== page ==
Sermon - Tenth Sunday After Pentecost (8/18/2019)
Jer. 23:23-29; Ps. 82; Heb. 11:29-12:2; Lk. 12:49-56
This is one of those times when it’s hard to feel the liturgical words that we use in our service. “The gospel – the good news – of the Lord.” “Praise to you, O Christ.” How is it good news that Jesus says he has come not to bring peace, but rather division? And not just any old division, but division within the heart of the family, between people with the closest relationships. Have you ever been divided from the people you were closest to in your life? I have, and I can attest that it’s an awful feeling. It’s not fun to feel at odds from the people you love.
And, I don’t know about you, but I have to say that I’m not enjoying the level of division and tension in our society these days. And now we get to have another election year, and if you thought our last presidential election year was unpleasantly stressful, I don’t think you’re going to like the next one. So I’m trying very hard to understand why it’s good news that Jesus says he has not come to bring peace, but rather division. Because, personally, I was hoping that following Jesus would bring more peace and less division.
On the one hand, I think it’s clear, even in this passage, that Jesus does not want people to be divided. Jesus is just being realistic: the arrival of the Kingdom of God is good news for everyone, but not everyone perceives it that way, especially people who have a lot invested in this unjust and broken world. He personally is on his way to Jerusalem where he fully expects to be rejected and to suffer as a result: “I have a baptism with which to be baptized, and what stress I am under until It Is Finished.” (“It is finished,” of course, being the exact words Jesus spoke on the cross.) And if we are people of faith, if we are people of the Kingdom of God, then we should expect nothing different. Not that suffering or division are good things or things that God wants for us, any more than God wants them for Jesus. Yet God can bring good even out of this division and this suffering.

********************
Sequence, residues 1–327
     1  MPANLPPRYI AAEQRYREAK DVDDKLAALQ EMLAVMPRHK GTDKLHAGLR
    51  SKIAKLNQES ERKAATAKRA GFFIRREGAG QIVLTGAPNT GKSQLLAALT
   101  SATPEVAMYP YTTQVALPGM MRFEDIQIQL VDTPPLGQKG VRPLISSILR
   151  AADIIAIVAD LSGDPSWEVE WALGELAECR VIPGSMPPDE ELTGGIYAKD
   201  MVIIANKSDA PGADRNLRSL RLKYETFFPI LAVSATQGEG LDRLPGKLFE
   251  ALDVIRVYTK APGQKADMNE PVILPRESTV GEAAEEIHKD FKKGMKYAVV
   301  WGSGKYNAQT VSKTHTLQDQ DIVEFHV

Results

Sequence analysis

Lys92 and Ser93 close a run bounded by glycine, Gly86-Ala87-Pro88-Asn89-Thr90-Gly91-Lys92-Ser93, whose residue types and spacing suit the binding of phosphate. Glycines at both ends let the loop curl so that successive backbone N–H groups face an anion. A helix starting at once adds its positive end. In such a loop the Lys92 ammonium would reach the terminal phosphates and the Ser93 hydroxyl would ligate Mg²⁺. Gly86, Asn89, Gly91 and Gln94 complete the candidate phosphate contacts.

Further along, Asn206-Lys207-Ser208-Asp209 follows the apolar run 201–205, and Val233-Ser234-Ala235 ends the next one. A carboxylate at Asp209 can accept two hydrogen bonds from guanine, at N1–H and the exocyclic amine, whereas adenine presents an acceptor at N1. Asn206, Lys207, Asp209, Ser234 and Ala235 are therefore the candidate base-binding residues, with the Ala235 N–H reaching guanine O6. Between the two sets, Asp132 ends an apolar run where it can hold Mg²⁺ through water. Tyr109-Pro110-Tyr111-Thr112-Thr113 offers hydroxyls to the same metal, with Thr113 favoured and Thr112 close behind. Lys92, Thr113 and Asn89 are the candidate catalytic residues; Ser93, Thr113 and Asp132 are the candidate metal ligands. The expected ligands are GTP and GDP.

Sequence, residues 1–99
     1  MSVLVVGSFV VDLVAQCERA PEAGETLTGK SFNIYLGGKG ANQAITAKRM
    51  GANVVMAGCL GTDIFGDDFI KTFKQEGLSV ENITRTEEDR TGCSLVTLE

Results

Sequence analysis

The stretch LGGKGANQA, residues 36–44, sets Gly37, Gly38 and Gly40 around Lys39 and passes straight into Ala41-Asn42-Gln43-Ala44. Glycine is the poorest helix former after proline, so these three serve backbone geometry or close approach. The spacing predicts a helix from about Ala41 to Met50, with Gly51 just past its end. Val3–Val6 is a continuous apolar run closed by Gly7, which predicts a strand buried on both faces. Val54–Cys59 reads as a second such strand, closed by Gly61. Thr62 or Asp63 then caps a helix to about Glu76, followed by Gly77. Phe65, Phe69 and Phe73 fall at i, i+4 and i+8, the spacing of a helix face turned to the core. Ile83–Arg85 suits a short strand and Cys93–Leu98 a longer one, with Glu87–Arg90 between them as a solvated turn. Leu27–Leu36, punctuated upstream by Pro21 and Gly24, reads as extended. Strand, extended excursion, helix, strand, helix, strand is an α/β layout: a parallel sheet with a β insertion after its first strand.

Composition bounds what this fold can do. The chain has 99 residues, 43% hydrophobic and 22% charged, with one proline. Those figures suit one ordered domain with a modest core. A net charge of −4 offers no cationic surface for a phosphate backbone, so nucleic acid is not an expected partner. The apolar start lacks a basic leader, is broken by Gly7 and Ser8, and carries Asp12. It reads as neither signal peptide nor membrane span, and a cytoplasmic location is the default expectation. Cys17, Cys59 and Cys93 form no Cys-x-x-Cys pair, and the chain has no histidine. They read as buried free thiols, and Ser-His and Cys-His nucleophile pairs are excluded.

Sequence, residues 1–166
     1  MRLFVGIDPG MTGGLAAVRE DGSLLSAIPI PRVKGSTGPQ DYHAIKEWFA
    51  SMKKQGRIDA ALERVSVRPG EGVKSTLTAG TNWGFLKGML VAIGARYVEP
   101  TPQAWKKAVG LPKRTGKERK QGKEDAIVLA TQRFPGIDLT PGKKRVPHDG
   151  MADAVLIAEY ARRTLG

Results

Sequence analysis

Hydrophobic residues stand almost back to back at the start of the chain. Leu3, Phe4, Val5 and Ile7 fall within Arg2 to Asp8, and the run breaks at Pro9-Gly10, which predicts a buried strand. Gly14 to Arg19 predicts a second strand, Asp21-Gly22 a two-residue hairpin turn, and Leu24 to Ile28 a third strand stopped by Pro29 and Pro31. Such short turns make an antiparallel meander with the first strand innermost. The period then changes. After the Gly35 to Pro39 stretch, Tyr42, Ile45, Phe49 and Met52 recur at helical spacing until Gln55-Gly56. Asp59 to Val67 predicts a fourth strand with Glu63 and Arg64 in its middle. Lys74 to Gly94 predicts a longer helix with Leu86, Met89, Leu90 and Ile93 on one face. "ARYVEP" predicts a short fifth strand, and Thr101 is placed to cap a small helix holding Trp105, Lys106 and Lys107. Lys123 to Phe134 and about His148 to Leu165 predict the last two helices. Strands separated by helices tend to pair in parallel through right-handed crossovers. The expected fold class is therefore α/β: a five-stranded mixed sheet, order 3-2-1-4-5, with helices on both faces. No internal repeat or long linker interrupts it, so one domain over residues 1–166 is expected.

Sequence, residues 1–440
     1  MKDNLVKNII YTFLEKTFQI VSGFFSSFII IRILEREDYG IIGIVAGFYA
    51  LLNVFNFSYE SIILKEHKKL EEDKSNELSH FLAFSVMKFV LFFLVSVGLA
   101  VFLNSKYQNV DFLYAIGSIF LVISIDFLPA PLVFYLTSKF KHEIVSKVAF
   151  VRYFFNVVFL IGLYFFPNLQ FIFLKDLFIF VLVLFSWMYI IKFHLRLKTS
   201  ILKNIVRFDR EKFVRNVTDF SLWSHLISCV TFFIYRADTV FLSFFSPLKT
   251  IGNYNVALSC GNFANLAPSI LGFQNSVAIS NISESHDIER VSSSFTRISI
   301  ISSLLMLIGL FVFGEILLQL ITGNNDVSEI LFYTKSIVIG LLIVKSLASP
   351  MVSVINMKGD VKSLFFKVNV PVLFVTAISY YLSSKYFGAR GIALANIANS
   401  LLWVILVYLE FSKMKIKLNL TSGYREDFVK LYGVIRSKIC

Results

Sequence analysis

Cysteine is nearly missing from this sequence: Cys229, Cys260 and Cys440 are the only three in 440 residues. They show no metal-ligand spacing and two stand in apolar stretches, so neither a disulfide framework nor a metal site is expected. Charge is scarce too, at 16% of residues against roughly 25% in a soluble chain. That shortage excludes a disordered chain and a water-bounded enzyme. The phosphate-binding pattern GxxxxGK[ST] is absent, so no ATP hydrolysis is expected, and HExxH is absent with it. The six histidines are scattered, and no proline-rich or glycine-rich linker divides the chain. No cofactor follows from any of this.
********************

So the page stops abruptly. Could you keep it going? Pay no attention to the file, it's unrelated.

This week Anderson Cooper, the CNN host, did a remarkable interview with Stephen Colbert, the comedian who hosts the late show on CBS. If you didn’t see it, I’ll put the sermon text on the web site and include a link so you can watch the section I want to talk about – it’s really worth your time. They had been talking about loss; as you may know, Anderson Cooper’s mother was Gloria Vanderbilt, who passed away a few weeks ago. And I learned from the interview something I had not known before, that when Stephen Colbert was 10 years old, his father and two of his brothers were killed in a plane crash.
As they’re talking about this, Anderson Cooper pulls out one of his cue cards and starts reading from something Stephen Colbert had said in another interview about his family tragedy. He had said, “I have learned to love the thing that I wish I had never happened,” and then he mentioned a quote – it comes out later in the interview, the quote is from Tolkien’s “The Lord of the Rings” – the quote is “What punishment of God’s are not gifts?” When Anderson Cooper got to that quote, he paused and almost started to cry, and he was barely able to read it. “You said, ‘What punishments of God’s are not gifts?’ Do you really believe that?”
And Stephen Colbert paused and calmly said, “Yes.” He went on to explain that it is a gift simply to exist, to be alive, and that he’s grateful for the gift of existence – at least most of the time. And he said, you can’t choose which parts of your existence you’re grateful for. There are things in my life, he said, that I wish had never happened, but my experience of suffering has allowed me to connect with other people in their suffering in ways that I could not have done otherwise. So while I wish it had never happened, I can be grateful for what it has taught me.
Anderson Cooper reacts by saying, yes, my mother used to say something like this. She would say, I don’t ask, why did this happen to me? Why should it not happen to me? Sadness and happiness are both part of life, I should expect both. Why should I be exempt?